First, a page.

• Any state can be chosen as the formation state (if you meet the state criteria for an LLP).
    • Some states require one or more legal notices of the new LLP published in one or more local newspapers.
    • The business must have two or more partners in order to form an LLP business structure.
    • A converting general partnership retains its original partnership agreement. The LLP is governed by state law on general partnerships, as well as the specific provisions of the partnership law governing LLPs.
  • Corporation: A corporation can have one or more owners (called shareholders) and is managed by a board of directors. There is a layer of liability protection, as the corporation itself holds liability instead of each owner individually. However, in a corporation, income is taxed at the corporate level and for the shareholders personally, a principle known as double taxation. A corporation has the most formalities to follow.
  • LLC: An LLC (or limited liability corporation) is a hybrid between a corporation and a partnership. It enjoys the limited liability of a corporation while having the benefit of being taxed as a partnership, known as pass-through taxation.

Business Plan Consultation & Risk Analysis

We are very knowledgeable about different types of business and what the best routes could be in regards to maximizing your benefits and success. We would love to help you understand potential benefits and risks so that you can choose the best path for your specific business’s objectives and goals.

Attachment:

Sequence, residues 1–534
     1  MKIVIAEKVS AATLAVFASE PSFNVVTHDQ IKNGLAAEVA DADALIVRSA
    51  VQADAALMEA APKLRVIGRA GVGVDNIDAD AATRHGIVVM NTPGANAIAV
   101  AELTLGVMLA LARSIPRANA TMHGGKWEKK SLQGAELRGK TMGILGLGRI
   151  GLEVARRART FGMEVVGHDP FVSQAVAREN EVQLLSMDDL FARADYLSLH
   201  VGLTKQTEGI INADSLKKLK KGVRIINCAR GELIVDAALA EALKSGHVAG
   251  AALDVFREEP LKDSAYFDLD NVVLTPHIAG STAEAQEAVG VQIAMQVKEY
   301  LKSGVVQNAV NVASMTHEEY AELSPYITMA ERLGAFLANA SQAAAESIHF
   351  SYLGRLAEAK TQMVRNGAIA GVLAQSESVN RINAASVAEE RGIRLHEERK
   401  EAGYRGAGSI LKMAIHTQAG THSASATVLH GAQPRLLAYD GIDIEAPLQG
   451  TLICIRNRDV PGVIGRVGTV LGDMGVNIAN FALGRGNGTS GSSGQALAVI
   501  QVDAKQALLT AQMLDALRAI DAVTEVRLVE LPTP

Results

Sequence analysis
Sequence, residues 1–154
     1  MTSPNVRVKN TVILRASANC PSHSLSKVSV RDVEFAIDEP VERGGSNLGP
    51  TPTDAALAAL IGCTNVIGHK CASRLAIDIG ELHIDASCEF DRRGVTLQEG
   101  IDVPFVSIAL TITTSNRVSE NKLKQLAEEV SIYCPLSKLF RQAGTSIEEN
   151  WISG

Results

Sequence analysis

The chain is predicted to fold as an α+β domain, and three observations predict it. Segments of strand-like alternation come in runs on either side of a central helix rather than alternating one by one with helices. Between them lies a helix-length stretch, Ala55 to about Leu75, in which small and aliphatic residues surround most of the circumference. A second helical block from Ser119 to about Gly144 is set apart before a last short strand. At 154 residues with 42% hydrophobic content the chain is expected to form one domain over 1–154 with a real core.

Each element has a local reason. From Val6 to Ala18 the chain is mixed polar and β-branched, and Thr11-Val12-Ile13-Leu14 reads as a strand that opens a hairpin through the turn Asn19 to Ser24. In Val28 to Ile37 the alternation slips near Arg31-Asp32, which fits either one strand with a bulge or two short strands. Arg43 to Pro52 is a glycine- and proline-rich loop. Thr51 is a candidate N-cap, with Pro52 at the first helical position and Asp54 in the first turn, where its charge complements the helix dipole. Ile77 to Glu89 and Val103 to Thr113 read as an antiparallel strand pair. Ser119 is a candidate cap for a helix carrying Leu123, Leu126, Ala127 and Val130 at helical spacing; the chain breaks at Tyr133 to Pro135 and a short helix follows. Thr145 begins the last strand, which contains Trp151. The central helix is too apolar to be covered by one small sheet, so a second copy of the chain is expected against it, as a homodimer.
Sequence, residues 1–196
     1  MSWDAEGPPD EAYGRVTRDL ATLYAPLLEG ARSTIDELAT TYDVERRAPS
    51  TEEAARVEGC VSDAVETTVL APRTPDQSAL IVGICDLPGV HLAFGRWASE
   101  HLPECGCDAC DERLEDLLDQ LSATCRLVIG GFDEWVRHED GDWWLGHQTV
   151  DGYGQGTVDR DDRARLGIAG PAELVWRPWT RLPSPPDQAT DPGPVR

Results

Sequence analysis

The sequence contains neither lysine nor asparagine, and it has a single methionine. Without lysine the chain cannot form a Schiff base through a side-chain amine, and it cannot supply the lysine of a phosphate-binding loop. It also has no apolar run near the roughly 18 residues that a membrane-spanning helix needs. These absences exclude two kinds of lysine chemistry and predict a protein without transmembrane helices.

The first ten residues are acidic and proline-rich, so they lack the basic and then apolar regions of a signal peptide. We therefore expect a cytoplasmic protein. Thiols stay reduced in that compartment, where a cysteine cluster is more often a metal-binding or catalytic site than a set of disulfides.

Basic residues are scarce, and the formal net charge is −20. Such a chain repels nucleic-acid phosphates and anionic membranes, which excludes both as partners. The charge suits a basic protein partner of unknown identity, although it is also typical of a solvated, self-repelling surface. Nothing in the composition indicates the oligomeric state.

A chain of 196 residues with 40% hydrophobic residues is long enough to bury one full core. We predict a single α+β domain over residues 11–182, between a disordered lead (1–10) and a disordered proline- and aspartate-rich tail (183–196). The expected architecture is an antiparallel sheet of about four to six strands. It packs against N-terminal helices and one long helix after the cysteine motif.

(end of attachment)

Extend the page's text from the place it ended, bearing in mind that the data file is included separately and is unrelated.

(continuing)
We also have experience in advising and assisting with the following areas:

  • Strategic Partnerships & Investors
    • Seed and Series Financing, Convertible Notes, SAFEs (Simple Agreement for Future Equity), Stock Purchase Agreements, Preferred Stock Investment Agreements, and Bridge Loans and other Debt Financing
  • Expansion & Franchising
  • USPTO Trademark Applications and Trademark Maintenance
  • Succession Plans & Selling a Business
  • Corporate Governance and Corporate Secretary Duties
    • Stock Option Plans and Employee Equity Compensation Plans
    • Unanimous Written Consents and Board Meeting Minutes
  • Tax Planning for Business Owners
  • Governmental Regulatory Compliance, including with the United States Committee on Foreign Investment (CFIUS)
  • Negotiating and Drafting All Business Contracts, including Employment Contracts, Independent Contractor & Consultant Agreements, Service Agreements, Sale Contracts, and Non-Disclosure Agreements (NDAs)
  • Debt Collection; Creditor/Debtor Issues